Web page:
Accelerating open insurance 2.0 with Daml smart contracts
Open insurance has traditionally been an API-based digital transformation approach that exposes services and data that is consumable over secure, permitted channels. This facilitates enhanced revenue models, streamlines operations, and drives exceptional customer experiences. This innovation is also fueling the embedded insurance trend—another benefit of open insurance.
For example, consider an insurance firm that adopts open insurance to extend its capabilities. Its customers can receive quotes and secure insurance coverage for their shipments directly through their carriers using secure access over APIs. The legacy way would have been to call the insurer, fax or email documents, and receive quotes and coverage with latencies that cause breaks in what otherwise could be a seamless customer experience.
Under the hood, it is likely that the insurer has matured and transformed their technology landscape significantly to enable such real-time access over APIs. Indeed, by adopting an open insurance mindset, the development of internal applications and data storage is done in a way that facilitates these API based ecosystems. As a result, open insurance can be considered an important outcome (or driver) of digital transformation.
In this blog post, we will show how we can implement and enhance the promise of open insurance with smart contracts.
Specifically, we will show how the new approach using smart contracts can deliver these additional benefits:
- Simplify technology architectures and API management
- Bridge internal data islands
- Avoid multiple data stores that are necessary to be maintained by the partes at either end of the API
To illustrate the above, we will use a practical use case developed using smart contracts in Daml. We will also show how we can do all this without the need for a blockchain. In fact, the architecture will support using either blockchain or traditional data stores without sacrificing privacy. This is made possible by using the Canton interoperability protocol and is an important enabler of digital transformation..
Note: This complete and functioning use case has been developed using only 100 lines of Daml code described in the example below. It provides several architectural benefits, granular privacy, and tight access control straight out of the box. A little more detail around the data structures and this code can be ready for a pilot implementation to gather stakeholder feedback for a more comprehensive production implementation.
Our open insurance use case
Let’s consider that an enterprise customer is shipping cargo, for which insurance coverage is needed. The cargo carrier could either apply predefined insurance coverage or try to get customized coverage and premiums for the customer. The latter approach is indeed better because it allows the carrier to customize the insurance, thereby better managing risk. They can also offer lower latencies and a better experience to customers, thus enhancing the attractiveness of their services.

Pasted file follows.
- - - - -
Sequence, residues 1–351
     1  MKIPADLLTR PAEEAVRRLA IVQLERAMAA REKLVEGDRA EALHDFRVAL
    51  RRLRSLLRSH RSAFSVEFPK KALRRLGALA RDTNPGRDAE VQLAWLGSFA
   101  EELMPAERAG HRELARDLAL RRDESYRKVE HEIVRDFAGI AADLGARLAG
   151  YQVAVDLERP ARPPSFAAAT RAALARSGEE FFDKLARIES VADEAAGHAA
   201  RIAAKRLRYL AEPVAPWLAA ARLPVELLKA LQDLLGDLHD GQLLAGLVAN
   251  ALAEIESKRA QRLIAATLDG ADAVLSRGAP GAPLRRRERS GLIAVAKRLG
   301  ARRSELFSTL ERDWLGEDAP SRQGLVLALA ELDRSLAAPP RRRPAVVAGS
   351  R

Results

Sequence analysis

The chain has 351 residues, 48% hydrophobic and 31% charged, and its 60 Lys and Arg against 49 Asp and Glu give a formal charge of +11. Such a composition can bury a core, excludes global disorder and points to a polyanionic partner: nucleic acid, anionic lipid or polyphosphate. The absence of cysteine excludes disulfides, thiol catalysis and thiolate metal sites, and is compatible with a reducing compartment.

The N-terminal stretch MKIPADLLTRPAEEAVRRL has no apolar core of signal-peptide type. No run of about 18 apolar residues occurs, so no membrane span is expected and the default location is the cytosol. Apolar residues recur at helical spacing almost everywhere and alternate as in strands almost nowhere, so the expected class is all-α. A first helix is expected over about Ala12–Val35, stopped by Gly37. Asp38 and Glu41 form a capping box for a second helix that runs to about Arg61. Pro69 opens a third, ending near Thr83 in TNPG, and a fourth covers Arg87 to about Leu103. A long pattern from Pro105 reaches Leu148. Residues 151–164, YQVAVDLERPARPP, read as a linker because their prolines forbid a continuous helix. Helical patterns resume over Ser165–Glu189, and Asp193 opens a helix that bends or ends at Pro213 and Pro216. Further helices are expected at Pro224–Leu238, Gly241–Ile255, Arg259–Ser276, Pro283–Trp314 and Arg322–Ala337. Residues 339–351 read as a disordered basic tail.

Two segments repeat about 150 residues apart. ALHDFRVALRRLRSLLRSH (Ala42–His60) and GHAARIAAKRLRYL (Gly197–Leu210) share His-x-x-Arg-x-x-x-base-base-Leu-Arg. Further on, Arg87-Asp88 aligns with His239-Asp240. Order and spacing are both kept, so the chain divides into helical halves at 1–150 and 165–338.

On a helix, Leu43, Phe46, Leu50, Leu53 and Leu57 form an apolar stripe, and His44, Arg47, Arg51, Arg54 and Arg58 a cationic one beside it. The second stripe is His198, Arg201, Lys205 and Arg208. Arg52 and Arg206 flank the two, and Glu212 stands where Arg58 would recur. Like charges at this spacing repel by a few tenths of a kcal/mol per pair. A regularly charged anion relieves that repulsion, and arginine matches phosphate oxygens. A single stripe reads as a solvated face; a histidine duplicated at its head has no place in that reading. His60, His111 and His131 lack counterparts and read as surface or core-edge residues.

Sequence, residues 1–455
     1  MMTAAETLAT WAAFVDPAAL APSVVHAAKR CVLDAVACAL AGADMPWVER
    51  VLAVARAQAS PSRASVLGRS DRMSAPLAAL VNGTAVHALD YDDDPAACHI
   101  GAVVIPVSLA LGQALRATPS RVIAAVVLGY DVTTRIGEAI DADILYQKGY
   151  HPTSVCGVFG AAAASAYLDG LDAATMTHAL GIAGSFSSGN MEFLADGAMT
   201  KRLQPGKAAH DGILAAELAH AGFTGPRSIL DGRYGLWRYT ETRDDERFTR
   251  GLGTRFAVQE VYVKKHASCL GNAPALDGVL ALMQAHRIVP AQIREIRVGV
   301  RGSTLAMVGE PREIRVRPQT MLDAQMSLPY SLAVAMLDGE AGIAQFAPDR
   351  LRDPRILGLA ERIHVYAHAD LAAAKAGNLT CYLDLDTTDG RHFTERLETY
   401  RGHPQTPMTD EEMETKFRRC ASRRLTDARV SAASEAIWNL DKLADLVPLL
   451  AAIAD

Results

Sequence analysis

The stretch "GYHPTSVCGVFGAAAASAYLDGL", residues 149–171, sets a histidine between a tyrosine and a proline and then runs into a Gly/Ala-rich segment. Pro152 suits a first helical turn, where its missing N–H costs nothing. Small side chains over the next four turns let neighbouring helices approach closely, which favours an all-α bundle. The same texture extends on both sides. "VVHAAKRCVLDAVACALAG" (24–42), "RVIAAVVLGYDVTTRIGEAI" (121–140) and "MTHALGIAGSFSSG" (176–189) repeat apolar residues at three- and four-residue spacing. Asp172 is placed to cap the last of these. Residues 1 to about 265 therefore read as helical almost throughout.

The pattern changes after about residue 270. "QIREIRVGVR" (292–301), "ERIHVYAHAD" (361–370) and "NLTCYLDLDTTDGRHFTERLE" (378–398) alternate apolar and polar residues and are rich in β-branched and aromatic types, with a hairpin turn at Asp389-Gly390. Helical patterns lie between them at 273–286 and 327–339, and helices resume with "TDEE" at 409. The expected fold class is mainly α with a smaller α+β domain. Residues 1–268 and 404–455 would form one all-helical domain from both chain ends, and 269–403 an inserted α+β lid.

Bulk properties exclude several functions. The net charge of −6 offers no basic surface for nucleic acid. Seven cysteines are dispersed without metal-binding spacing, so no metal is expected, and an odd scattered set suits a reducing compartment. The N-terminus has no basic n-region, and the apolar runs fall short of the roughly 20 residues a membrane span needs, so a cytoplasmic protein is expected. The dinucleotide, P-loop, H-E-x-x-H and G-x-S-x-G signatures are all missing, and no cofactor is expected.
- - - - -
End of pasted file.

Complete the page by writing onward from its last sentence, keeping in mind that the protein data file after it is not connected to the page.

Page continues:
A traditional API based architecture may look like the below:
Apart from the obvious disadvantage of duplicating quotes, coverage, and pricing information in two different places, the insurance firm has the added complexity of maintaining a secure API management layer. The cargo carrier, on the other hand, has the overhead of integrating a secure customer portal and keeping it updated.
Here’s how the architecture using Daml will look. Some of the immediate benefits listed in the green boxes are:
- Golden source between parties (no duplicate data), but still fully private
- No separate API management layer to manage
- No fragmentation of business rules
- Increased compliance and security
The smart contracts-based API layer is part of the Daml platform, so it does not need to be maintained by either party. Daml also maintains the golden source while securing access to either party, thus eliminating the duplication of information.
As we touched on before, the API-based open innovation approach is supported by a significant level of digital transformation and application modernization programs. These programs can deliver much higher ROI if the data fabric and storage platforms can be streamlined and simplified as well. This data-driven innovation is strongly enabled by Daml, as we will demonstrate below.
Practical illustration of open insurance 2.0